Madame Tussauds has unveiled wax figures of all six actors who have played James Bond.

Brand new waxworks of Sean Connery, GEORGE LAZENBY, Roger Moore, Timothy Dalton and Pierce Brosnan have joined the likeness of Daniel Craig at Madame Tussauds in London, where they will be displayed for six weeks.

Each of these wax figures are clad in a classic 007 dinner suit, designed by Oscar winning costume designer, Lindy Hemming, based on the original costumes.

Lazenby, Moore and Connery have each been posed in different variations of a classic Bond pose - arms folded and pistol held aloft, whilst Craig, Brosnan and Dalton are shown in more relaxed style.

They have been placed in front of an iconic gun barrel backdrop, synonymous with the James Bond films.

The Madame Tussauds team already had access to measurements of Craig, Connery, Moore, Dalton and Brosnan from previous figures featured at the attraction, but this is the first time Lazenby has had his own waxwork.

The star of 'On Her Majesty's Secret Service' gave the artists a sitting in Los Angeles in February.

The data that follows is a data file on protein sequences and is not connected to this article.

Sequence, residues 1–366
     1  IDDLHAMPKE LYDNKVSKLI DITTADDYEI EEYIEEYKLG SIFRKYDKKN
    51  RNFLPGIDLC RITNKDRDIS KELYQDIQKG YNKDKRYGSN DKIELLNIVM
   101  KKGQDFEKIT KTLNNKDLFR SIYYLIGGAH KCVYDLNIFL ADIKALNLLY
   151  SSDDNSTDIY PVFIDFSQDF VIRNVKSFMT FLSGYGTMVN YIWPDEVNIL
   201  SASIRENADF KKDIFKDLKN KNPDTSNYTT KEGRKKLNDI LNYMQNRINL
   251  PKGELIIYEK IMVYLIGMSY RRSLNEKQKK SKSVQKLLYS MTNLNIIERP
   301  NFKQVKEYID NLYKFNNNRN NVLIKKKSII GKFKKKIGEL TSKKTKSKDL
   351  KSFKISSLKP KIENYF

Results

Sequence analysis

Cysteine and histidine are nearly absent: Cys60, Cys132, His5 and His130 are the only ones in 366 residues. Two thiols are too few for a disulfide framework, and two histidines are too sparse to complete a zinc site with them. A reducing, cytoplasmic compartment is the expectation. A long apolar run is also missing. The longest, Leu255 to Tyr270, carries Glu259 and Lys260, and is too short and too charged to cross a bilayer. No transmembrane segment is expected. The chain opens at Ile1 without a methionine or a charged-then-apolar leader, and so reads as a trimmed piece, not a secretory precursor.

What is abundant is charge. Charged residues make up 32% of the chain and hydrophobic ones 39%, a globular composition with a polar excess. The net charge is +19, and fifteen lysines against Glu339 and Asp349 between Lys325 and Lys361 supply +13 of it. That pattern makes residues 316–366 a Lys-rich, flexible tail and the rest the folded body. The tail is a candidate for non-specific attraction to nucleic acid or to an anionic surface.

The figures took a team of twenty artists, four months to complete at a cost of £150,000 each. Hundreds of layers of oil paint were used to build up accurate skin tones and each hair on all of the figures' heads was inserted individually by hand over a six week period.

General Manager of Madame Tussauds London, Edward Fuller, said: ''We are delighted to be revealing this exciting line-up first in London and what better timing than the week before the 24th installment of this incredible film franchise gets its world premiere here. ''Fans have always loved getting up close to Madame Tussauds' Bond figures but now they can meet ALL six at the same time! What an incredible opportunity! We know they are going to love measuring up to their personal favourite 007, whether it's the Bond they grew up with, the first they saw in the cinema or the current incarnation they'll see in 'SPECTRE'.''

The figures will embark on a tour of Madame Tussauds locations worldwide on December 1.